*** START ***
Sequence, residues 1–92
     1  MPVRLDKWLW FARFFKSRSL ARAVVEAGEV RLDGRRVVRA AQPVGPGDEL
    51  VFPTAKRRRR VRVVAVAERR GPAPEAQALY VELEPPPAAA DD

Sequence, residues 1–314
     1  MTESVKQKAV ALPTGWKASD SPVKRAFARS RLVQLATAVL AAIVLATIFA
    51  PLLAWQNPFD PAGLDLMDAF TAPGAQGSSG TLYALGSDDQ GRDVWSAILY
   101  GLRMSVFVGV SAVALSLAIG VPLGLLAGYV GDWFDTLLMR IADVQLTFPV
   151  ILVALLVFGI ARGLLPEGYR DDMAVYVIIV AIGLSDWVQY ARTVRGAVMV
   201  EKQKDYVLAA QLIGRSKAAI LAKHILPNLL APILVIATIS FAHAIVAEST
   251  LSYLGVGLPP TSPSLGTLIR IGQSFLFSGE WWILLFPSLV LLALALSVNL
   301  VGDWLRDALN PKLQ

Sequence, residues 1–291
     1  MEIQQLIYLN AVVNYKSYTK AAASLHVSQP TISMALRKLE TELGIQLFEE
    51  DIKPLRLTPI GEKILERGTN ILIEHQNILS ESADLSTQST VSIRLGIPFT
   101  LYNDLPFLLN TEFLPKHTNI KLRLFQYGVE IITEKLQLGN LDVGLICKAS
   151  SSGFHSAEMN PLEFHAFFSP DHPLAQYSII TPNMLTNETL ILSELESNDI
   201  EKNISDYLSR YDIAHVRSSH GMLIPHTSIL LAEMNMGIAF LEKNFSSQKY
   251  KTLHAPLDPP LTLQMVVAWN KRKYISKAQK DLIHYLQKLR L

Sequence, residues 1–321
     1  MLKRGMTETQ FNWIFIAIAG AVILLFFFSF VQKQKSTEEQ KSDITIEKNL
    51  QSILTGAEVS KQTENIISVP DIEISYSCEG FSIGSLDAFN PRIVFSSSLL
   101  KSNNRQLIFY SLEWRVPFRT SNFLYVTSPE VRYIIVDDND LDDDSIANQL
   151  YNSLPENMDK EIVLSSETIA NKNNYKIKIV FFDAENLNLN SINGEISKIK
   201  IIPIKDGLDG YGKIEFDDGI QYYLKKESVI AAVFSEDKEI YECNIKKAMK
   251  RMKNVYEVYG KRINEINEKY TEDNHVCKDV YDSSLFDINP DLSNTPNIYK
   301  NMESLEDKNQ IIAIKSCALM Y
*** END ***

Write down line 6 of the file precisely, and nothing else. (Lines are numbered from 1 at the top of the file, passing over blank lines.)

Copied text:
    51  PLLAWQNPFD PAGLDLMDAF TAPGAQGSSG TLYALGSDDQ GRDVWSAILY